SOUTH AFRICAN artist Nicholas Hlobo joined five influential faces in contemporary art to redesign one of Louis Vuitton’s signature bags – the Arty Capucines Collection.
The launch coincides with “Louis Vuitton X,” a retrospective exhibition in Los Angeles featuring 180 items from Louis Vuitton’s archives. Described as an “immersive journey,” the two-floor presentation highlights iconic designs spanning handbags, travel trunks, perfume bottles, and silk scarves; celebrity-worn red carpet gowns; and creative collaborations from throughout the 160-year history of the French fashion house.
Hlobo joined Tschabalala Self, Alex Israel, Jonas Wood, Urs Fischer and Sam Falls in breathing new air into the house’s capucines in a new limited edition called Arty Capucines.
Hlobo spoke to BAZAAR about the collaboration.
Born in Cape Town in 1975, the South African artist is renowned for his awe-inspiring installations and intricate two- and three-dimensional objects that are both a commentary on the realities of his homeland since the end of apartheid’s legalised discrimination in 1994, and an investigation of his own cultural identity. Tactile materials such as discarded ribbons, leather, wood and rubber are melded and woven together to create hybrid objects that communicate the dichotomies of modern-day South Africa and Nicholas’ experiences within it.
Inspired by the ﬂower within Louis Vuitton’s monogram canvas, his unique application to the Capucines bag intertwines fabrics, details, colours and patterns that give the illusion that these textures have grown organically from within its interior.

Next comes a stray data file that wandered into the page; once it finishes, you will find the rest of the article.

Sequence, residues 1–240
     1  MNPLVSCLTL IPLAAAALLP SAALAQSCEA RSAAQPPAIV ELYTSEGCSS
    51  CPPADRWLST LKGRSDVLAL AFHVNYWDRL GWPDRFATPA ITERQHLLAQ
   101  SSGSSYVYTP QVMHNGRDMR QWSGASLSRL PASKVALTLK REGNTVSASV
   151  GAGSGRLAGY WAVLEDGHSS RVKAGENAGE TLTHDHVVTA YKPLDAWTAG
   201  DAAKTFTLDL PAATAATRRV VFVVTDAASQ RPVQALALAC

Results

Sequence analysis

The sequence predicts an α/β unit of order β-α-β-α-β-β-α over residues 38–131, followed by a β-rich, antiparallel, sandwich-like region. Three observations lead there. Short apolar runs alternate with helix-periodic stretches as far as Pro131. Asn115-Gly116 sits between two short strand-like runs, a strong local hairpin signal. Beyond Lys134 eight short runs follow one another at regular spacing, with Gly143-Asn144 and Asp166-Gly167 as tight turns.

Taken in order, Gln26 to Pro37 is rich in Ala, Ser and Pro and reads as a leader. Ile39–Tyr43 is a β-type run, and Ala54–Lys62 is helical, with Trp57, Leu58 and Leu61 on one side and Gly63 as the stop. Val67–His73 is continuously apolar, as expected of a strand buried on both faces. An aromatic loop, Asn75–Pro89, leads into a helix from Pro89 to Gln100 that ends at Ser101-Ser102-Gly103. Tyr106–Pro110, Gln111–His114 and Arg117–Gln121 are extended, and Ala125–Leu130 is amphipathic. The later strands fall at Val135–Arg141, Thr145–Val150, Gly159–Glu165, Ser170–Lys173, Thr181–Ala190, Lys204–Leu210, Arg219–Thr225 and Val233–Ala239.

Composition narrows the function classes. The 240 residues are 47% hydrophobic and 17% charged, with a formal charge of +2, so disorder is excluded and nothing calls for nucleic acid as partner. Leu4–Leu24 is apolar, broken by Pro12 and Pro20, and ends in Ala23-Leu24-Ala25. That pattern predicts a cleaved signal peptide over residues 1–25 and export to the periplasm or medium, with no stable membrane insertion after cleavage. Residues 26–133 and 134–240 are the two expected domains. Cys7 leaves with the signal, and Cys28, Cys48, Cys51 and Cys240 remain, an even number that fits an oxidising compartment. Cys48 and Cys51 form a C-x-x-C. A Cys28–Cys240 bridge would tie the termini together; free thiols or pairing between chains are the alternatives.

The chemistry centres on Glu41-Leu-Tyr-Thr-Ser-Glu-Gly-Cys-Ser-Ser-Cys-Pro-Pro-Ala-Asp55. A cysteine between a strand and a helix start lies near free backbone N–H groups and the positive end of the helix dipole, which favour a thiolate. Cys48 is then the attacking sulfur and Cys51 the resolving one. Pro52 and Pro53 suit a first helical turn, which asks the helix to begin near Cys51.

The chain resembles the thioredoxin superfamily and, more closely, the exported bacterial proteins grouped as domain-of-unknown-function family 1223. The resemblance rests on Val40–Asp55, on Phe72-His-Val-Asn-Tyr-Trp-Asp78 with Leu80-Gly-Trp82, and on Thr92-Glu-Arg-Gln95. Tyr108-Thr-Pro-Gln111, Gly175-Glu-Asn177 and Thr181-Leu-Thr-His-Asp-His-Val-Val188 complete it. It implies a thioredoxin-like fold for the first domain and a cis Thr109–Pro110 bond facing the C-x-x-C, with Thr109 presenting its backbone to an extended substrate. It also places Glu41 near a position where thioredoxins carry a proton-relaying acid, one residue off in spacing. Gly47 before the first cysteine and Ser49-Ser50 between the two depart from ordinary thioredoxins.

Only 300 of Nicholas’ Capucines bag will be made
“I wanted to mirror the ways in which I use different materials in my work,” Nicholas explained. “I stitch onto my paintings and drawings, and my sculptures are created by layering found materials such as leather, tyre tubes and copper pipes. I started by looking at the Louis Vuitton motifs, and in particular, the ﬂower. I felt that I could interpret it as something blooming from the bag… an element literally emerging from it. Bags tend to have clean lines and I wanted to really break from that; to introduce bulging elements that do not have a sense of conforming, and the feeling that [something] is growing from beneath the bag’s surface.”
A playful iteration of Louis Vuitton’s monogram flower
Intricate yet heavy embroidery is the deﬁning feature, communicating a beautifully dramatic, handmade hybrid of artist and brand, fashion and art. “It was about bringing together two different worlds,” Nicholas elaborates. “Louis Vuitton has its idea of perfection and beauty. I have my own standards of perfection but I approach it differently; I’m more curious about the ugliness that lies beneath the surface yet informs the beauty. Physical human beauty is not necessarily deﬁned by surface skin; it’s determined by what’s happening underneath – how the bones push through the skin, muscles and ligaments – which is not beautiful if we were to look at it. This collaboration was a wonderful opportunity to ‘cut’ through the Louis Vuitton bag and make beautiful things grow out of it.”
Nicholas Hlobo braids in ribbon to his Capucines bag
And what beauty that has turned out to be. “The Capucines bag is an inherently moveable object and will take [my] work out into the public space,” Nicholas explains. “Ultimately, art and fashion are not so different.” He’s absolutely right.
Nicholas Hlobo’s Arty Capucines Bag is available now in a limited, numbered run of 300.